John Heinz National Wildlife Refuge at Tinicum
Pennsylvania’s largest remaining freshwater tidal marsh
With 1000 acres, ten miles of trails and many native wildlife and plants, the John Heinz National Wildlife Refuge at Tinicum protects the largest fresh water tidal marsh in Pennsylvania. The marsh, a key stop in the Atlantic flyway, is well-known among birdwatchers — 80 species nest here and 300 have been recorded.
But sporting enthusiasts like it too. There’s a canoe ramp, it’s open from sunrise to sunset so anglers are happy, and the network of low-lying trails attracts joggers as well as walkers.
Framed by the Philadelphia skyline, these 1,200 acres are a refuge for rare plants, resident and migratory birds, and earthbound animals including foxes and deer. After a visit to the Cusano Environmental Education Center, set out on foot or by bicycle on one of the 10 miles of trails that pass through various habitats.
Keep your binoculars handy to look for the endangered red-bellied turtle and southern leopard frogs that keep safe in the heavily vegetated wetlands. Walk the boardwalk and stop at the observation blinds to spot some of the 280 species of ducks, herons and other birds that have been seen here. Or bring your canoe to explore a stretch of Darby Creek and maybe do a little fishing.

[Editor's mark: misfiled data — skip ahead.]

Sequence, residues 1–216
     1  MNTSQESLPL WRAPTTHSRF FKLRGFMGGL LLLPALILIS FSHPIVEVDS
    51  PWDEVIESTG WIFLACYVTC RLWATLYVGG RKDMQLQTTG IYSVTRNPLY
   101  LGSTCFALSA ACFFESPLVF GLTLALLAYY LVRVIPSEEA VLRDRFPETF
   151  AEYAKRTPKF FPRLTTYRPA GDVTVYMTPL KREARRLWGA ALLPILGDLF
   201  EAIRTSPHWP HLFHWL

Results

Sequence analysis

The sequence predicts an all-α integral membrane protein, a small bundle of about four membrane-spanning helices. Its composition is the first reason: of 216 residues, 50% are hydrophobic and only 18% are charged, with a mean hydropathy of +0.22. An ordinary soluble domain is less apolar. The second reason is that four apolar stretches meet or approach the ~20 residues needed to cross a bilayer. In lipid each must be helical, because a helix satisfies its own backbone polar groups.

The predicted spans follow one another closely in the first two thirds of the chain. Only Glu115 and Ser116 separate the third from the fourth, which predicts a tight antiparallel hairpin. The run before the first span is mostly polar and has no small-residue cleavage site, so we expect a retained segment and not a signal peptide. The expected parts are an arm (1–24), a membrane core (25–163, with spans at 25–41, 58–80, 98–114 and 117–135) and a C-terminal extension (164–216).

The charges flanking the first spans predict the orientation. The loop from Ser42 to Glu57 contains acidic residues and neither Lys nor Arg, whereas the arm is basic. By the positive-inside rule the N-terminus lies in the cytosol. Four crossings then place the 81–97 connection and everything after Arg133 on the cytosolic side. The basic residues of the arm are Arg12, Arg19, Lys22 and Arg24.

Once a huge tidal wetland, diked and drained by early Swedish, Dutch and English farmers, the former Tinicum Marsh shrank to 200 acres during post-World War I urbanization. In 1955, Gulf Oil donated a non-tidal tract that became the nucleus of a wildlife preserve that opened in 1972, after surviving threats of extinction from I-95 construction and a sanitary landfill.
Leashed dogs are allowed. Comfortable shoes, long sleeves and pants are recommended. Boaters are advised to check the tides to avoid getting stranded on mud flats.
The Cradle of Birding Wildlife and Conservation Festival, featuring wildlife exhibitors, speakers, tours and food, is held every September. Darby Creek Cleanup, a conservation project held to celebrate earth day, is held every April.
The marsh is home to the coastal leopard frog, an endangered species in Pennsylvania.
The Friends of the Heinz Wildlife Refuge at Tinicum, Inc.
The Friends of Heinz Wildlife Refuge work on trails, assist with educational projects, and raise funds either in our nature store (Tinicum Treasures), or through grants, to implement projects that the Refuge’s budget will not cover. Learn more at their website.
Children enjoy spotting the turtles and frogs, state endangered animals, that abound here. Perhaps they can also spot the pair of bald eagles that visit regularly.
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